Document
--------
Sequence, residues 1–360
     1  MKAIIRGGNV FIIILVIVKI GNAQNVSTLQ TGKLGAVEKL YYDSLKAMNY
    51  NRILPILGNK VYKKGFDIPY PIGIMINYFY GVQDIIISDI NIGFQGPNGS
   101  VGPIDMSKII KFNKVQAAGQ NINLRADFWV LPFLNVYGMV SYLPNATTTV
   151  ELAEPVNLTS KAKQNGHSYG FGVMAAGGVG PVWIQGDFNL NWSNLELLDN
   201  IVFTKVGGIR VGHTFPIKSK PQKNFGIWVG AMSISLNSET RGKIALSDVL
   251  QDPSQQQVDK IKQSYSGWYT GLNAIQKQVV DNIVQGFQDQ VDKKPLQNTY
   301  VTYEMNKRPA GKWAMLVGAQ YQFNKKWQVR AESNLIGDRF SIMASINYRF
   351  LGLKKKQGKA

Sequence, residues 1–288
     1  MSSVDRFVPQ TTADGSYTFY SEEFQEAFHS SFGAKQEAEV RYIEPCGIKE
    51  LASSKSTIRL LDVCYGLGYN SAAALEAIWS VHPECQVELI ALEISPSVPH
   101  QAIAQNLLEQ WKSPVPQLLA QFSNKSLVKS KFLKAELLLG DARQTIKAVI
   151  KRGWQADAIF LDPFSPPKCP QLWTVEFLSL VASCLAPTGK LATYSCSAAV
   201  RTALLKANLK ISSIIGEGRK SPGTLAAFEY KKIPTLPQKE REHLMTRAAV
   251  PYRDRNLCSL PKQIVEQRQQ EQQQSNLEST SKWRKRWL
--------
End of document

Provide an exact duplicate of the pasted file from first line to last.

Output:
Sequence, residues 1–360
     1  MKAIIRGGNV FIIILVIVKI GNAQNVSTLQ TGKLGAVEKL YYDSLKAMNY
    51  NRILPILGNK VYKKGFDIPY PIGIMINYFY GVQDIIISDI NIGFQGPNGS
   101  VGPIDMSKII KFNKVQAAGQ NINLRADFWV LPFLNVYGMV SYLPNATTTV
   151  ELAEPVNLTS KAKQNGHSYG FGVMAAGGVG PVWIQGDFNL NWSNLELLDN
   201  IVFTKVGGIR VGHTFPIKSK PQKNFGIWVG AMSISLNSET RGKIALSDVL
   251  QDPSQQQVDK IKQSYSGWYT GLNAIQKQVV DNIVQGFQDQ VDKKPLQNTY
   301  VTYEMNKRPA GKWAMLVGAQ YQFNKKWQVR AESNLIGDRF SIMASINYRF
   351  LGLKKKQGKA

Sequence, residues 1–288
     1  MSSVDRFVPQ TTADGSYTFY SEEFQEAFHS SFGAKQEAEV RYIEPCGIKE
    51  LASSKSTIRL LDVCYGLGYN SAAALEAIWS VHPECQVELI ALEISPSVPH
   101  QAIAQNLLEQ WKSPVPQLLA QFSNKSLVKS KFLKAELLLG DARQTIKAVI
   151  KRGWQADAIF LDPFSPPKCP QLWTVEFLSL VASCLAPTGK LATYSCSAAV
   201  RTALLKANLK ISSIIGEGRK SPGTLAAFEY KKIPTLPQKE REHLMTRAAV
   251  PYRDRNLCSL PKQIVEQRQQ EQQQSNLEST SKWRKRWL